A framework of international humanitarian law governs many aspects of the conduct of war, including the Geneva Conventions and treaties outlawing chemical weapons. Such law reinforces “just war” norms, those ancient traditions such as not poisoning enemy wells.
In 1998 the Rome Statute established the International Criminal Court. With its focus on genocide, war crimes and crimes against humanity, The Hague-based court has prosecuted the former leaders of Serbia and Liberia. It is also often criticised for being inefficient and ineffective.
Although sexual violence is an international weapon of war, a culture of impunity currently surrounds it. Recent initiatives have attempted to make up for this global lack of political will to bring perpetrators to justice.
The Murad Code, for example, sets out standards for the collection of evidence from survivors and witnesses as part of documenting sexual crimes, and the recently updated Istanbul Protocol establishes international standards for the investigation and recording of torture and other inhuman treatment.
Both James Cleverly, the Foreign Secretary, and Lord (Tariq) Ahmad, a Foreign Minister, made it clear that, like the use of chemical weapons, sexual violence in conflict should become a red line that is never crossed.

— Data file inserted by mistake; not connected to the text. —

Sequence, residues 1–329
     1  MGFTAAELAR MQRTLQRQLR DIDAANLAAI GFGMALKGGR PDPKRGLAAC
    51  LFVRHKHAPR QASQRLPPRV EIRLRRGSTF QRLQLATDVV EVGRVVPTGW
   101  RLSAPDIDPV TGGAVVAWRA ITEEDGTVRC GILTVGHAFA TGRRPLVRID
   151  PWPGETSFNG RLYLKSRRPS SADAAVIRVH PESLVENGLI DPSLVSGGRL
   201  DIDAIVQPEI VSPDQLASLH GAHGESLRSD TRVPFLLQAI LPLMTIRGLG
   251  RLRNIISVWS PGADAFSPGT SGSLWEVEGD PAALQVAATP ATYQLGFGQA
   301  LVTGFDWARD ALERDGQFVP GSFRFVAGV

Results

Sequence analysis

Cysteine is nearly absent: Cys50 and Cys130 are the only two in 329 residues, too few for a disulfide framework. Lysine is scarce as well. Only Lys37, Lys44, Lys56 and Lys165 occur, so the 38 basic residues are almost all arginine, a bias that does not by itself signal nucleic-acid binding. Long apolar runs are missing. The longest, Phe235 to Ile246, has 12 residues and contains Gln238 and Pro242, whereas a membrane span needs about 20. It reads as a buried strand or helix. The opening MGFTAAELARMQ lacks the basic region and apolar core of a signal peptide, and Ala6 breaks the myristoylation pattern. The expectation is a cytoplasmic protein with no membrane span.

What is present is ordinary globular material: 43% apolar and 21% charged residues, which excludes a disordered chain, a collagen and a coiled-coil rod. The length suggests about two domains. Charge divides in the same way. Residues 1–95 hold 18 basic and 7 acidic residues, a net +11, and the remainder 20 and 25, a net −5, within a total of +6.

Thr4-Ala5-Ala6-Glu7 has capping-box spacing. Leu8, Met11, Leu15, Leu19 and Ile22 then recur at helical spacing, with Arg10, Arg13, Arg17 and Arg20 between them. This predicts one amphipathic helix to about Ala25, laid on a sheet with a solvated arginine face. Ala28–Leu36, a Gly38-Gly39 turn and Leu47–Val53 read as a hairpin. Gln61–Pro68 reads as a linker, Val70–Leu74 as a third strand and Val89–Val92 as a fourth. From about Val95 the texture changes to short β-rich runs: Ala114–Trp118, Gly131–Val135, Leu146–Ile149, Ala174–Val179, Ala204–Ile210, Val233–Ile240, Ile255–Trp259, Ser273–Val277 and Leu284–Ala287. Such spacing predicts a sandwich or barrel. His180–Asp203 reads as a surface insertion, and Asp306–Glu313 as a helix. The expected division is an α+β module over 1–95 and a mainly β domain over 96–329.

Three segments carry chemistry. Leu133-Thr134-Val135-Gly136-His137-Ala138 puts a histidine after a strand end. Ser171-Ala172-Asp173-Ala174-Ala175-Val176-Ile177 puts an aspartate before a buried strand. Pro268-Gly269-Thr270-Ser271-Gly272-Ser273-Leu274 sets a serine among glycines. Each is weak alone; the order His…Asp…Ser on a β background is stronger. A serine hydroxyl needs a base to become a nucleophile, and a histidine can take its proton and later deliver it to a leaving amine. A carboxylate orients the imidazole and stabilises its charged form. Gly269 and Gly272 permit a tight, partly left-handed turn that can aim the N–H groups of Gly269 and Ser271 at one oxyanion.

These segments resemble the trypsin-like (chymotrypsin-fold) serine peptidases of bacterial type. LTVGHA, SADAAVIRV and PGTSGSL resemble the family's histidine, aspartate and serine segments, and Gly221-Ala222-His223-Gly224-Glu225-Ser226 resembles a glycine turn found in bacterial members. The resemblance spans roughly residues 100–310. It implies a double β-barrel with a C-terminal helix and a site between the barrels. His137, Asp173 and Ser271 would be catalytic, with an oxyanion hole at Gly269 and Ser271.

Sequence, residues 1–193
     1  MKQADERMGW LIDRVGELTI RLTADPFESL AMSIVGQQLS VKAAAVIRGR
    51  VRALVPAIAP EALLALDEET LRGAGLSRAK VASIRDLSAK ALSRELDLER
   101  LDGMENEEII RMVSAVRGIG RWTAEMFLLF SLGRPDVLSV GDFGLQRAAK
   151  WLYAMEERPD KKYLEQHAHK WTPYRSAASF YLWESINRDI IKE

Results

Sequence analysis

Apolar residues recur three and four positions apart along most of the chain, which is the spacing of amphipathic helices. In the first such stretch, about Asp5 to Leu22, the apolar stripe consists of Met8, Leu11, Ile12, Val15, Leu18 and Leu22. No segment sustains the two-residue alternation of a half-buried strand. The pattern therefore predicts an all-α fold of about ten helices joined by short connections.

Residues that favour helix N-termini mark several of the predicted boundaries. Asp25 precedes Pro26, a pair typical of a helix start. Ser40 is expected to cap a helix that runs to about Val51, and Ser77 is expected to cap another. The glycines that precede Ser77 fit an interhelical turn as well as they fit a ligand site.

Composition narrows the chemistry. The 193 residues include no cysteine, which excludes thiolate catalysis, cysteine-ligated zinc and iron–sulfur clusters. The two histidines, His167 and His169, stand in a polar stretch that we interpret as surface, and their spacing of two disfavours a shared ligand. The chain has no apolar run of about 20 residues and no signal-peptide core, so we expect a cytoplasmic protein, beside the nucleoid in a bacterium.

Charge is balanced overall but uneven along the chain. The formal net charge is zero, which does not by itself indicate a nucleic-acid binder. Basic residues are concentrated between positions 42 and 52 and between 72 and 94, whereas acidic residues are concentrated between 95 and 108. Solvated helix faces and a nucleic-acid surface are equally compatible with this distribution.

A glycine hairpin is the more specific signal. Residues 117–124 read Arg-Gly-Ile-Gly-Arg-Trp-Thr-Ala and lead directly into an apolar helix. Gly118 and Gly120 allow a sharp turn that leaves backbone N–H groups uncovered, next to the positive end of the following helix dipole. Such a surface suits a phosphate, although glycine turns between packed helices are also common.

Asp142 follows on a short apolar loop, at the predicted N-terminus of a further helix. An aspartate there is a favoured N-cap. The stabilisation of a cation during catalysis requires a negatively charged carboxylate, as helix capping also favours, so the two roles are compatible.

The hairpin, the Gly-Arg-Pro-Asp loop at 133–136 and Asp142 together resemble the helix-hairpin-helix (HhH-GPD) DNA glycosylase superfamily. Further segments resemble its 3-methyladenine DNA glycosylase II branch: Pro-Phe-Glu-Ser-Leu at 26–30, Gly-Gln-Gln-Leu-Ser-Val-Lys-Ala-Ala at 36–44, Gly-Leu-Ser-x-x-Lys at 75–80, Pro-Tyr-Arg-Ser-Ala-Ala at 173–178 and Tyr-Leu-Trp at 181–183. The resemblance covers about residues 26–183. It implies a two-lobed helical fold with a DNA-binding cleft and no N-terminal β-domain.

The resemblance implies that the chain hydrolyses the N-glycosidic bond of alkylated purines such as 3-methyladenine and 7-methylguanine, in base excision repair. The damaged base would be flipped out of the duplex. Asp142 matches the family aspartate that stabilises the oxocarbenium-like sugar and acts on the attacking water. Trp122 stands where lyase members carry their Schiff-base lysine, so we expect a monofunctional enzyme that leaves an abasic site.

From April 2013, ISIS terrorists (the self-styled Islamic State of Iraq and Syria) launched a genocide against the Yazidi community of north-west Iraq. Not only were men murdered or forcibly converted to Islam, extensive acts of violence against women were carried out. The Yazidi Justice Committee claims they included ‘sexual slavery, forced marriage, enforced pregnancy, rape and sexual assault.’
The ICC has yet to act in the context of Yazidi-related war crimes. But more positively, the International Bar Association reports that in March 2021 the Higher Regional Court in Hamburg convicted a German ISIS member for aiding crimes against humanity.